Fortnightly, 11 December 2019

Fortnightly, 11 December 2019

December 11, 2019
|

FortnightlyReport

THE FORTNIGHTLY
A Review of Middle East Regional Economic & Cultural News & Developments
11 December 2019
13 Kislev 5780
14 Rabi ul Akhar 1441

Written & Edited by Seth J. Vogelman*

TABLE OF CONTENTS:

1:  ISRAEL GOVERNMENT ACTIONS & STATEMENTS

1.1 Minister Steinitz Says No More Coal in Israel After 2025
1.2 Israel’s Fiscal Deficit Running at 3.7% of GDP
1.3 Vaughan, Ontario Advances City-Building Agenda in Israel

2:  ISRAEL MARKET & BUSINESS NEWS

2.1 Breach and Attack Simulation Platform Cymulate Raises $15 Million in Series B Funding
2.2 Nielsen Innovate Invests In 5 Israeli Retail and Media Tech Startups
2.3 Israel’s Leviathan to Begin Supplying Gas by the End of December
2.4 Gong Raises $65 Million in Series C Led by Sequoia Capital
2.5 Crescendo Venture Partners Completes First Closing of New Early Stage Israeli VC Fund
2.6 ELTA Awarded $125 Million Contract for Czech Mobile Air Defense Radar (MADR) Program
2.7 WalkMe Raises $90 Million to Help Organizations Maximize Their Software Investments

3:  REGIONAL PRIVATE SECTOR NEWS

3.1 Lime to Launch E-Scooters in Abu Dhabi
3.2 PBSC Urban Solutions to Supply 3,500 e-Bikes for Careem Project in Dubai
3.3 UAE-based Call Answering Startup Callix ‎All Set for Global Expansion ‎
3.4 Dubai’s Fetchr Secures $10 Million to Prevent Collapse
3.5 Wamda Invests in UAE-Based Fintech Startup FlexxPay
3.6 Nejree Raises $4 Million in Funding to Fuel GCC Expansion
3.7 Raseedi Raises $400,000 in Seed Round to Launch “Direct Recharge”
3.8 Wasla Browser Successfully Secures $1 Million in Seed Funding from Venture Capital Investors
3.9 Egyptian Delegation Discusses Purchase of Agricultural Products from South Dakota

4:  CLEAN TECH & ENVIRONMENTAL DEVELOPMENTS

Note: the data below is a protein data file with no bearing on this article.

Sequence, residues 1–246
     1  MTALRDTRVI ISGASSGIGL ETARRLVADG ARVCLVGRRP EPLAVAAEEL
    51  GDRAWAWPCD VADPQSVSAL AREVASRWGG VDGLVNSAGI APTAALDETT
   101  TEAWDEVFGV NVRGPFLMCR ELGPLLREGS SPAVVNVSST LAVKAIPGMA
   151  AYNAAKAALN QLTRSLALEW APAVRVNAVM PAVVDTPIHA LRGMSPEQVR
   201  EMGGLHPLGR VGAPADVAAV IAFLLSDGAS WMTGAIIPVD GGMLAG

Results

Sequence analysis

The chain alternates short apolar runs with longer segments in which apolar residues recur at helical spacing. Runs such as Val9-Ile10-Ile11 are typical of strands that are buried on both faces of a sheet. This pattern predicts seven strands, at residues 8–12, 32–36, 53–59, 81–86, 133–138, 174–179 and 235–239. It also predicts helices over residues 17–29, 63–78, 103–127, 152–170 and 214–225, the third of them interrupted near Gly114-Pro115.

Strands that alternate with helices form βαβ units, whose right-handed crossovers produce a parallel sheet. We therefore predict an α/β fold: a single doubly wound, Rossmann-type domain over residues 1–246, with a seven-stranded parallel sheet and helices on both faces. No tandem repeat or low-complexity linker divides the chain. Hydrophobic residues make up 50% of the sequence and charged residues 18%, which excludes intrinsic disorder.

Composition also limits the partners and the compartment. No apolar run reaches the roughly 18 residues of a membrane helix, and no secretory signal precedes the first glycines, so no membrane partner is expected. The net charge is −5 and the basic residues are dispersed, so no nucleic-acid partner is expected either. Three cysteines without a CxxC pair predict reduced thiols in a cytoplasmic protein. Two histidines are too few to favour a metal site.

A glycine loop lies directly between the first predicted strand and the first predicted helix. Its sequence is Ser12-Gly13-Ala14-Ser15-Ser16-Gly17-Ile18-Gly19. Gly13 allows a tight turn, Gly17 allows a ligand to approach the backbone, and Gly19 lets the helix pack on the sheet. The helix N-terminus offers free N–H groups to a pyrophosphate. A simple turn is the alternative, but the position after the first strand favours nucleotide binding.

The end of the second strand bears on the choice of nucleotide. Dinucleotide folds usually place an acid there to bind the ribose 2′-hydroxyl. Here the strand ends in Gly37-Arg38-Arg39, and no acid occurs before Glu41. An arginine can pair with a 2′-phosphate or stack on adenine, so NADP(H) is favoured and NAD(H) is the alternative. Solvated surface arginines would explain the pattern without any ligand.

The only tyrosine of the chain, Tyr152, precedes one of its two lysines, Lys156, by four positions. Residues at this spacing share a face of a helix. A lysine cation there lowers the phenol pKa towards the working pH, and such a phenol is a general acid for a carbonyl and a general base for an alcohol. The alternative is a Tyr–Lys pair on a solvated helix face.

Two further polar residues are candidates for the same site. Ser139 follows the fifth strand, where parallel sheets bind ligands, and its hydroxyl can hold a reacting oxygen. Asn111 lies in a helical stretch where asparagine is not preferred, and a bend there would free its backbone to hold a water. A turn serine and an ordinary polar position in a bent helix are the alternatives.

4.1 Carrefour Launches First UAE In-Store Farms to Reduce Carbon Footprint
4.2 Careem to Operate Dubai Bike Sharing Scheme Following RTA Agreement
4.3 UAE’s Masdar Signs $320 Million Deal for Armenian Solar Power Projects
4.4 Athens Provides Incentives for Green Energy Projects

5:  ARAB STATE DEVELOPMENTS

5.1 Lebanon’s Average Inflation Rate at 2.45% by October 2019‎
5.2 Lebanon’s Fiscal Deficit Contracted by 12.8% to $2.95 Billion in August 2019
5.3 Lebanon’s Gross Public Debt Increased by 3.5% YOY to Reach $86.77 Billion
5.4 Total Number of Registered New Cars in Lebanon Slumped by 28% by October 2019
5.5 Jordan’s Prime Minister Presents Third Incentive Package to Stimulate Economy
5.6 Jordan Has Received Only 21% of Funding Required Under 2019’s Plan

♦♦Arabian Gulf

5.7 UAE Extends Excise Tax System
5.8 Dubai’s Economy Grows by 2.1% in 2019’s First Half
5.9 Dubai Plans Major Expansion of Specialized Clinics
5.10 Ajman Crown Prince Launches $272 Million Medical City Project
5.11 Saudi Budget Deficit Set to Grow to $50 Billion in 2020

♦♦North Africa

5.12 Egypt’s GDP Growth to Reach 5.6% in FY 2019/20
5.13 Egypt’s Tiba-1 Communications Satellite Successfully Launched Into Orbit
5.14 Egypt’s Inflation Rate Increases by 0.5%
5.15 Morocco Considers Making Exchange Rate More Flexible in January
5.16 Germany-Morocco Sign Sustainable Economic Growth Agreement

6: TURKISH, CYPRIOT & GREEK DEVELOPMENTS

6.1 Turkey’s 11 Month Exports Surpasses $165 Billion
6.2 Turkish Imports Jump in November While Exports Contract
6.3 Greece’s EU-Harmonized Inflation Increases to 0.5% in November

7: GENERAL NEWS AND INTEREST

*ISRAEL:

7.1 Columbia University Launches Dual Degree Program with Tel Aviv University
7.2 Bolivia to Renew its Ties With Israel

*REGIONAL:

7.3 US to Appoint Ambassador to Sudan for First Time in 23 Years
7.4 Saudi Restaurants No Longer Need To Segregate Women and Men
7.5 Kurdish Self-Identification in Turkey Doubles in 10 Years
7.6 Turkey Places 40th Among 41 Countries in Social Justice Index
7.7 PISA Assessment finds Cyprus Achieving a Low Ranking

8:  ISRAEL LIFE SCIENCE NEWS

8.1 Israel’s Sheba Medical Center Becomes World’s First Fully VR-Based Hospital
8.2 Zebra Medical Vision Secures a Fourth FDA Clearance for AI for Medical Imaging
8.3 AstraZeneca and Jerusalem Venture Partners Sign Agreement to Develop Digital Health in Israel
8.4 Israeli Team Uses Silicon Chip to Deliver Alzheimer’s-Busting Protein to Brain
8.5 DiA & IBM Watson Health Arm Clinicians with its AI-powered Cardiac Ultrasound Software
8.6 Therapix Biosciences Continues Development of THX-210 Cannabinoids Based Treatment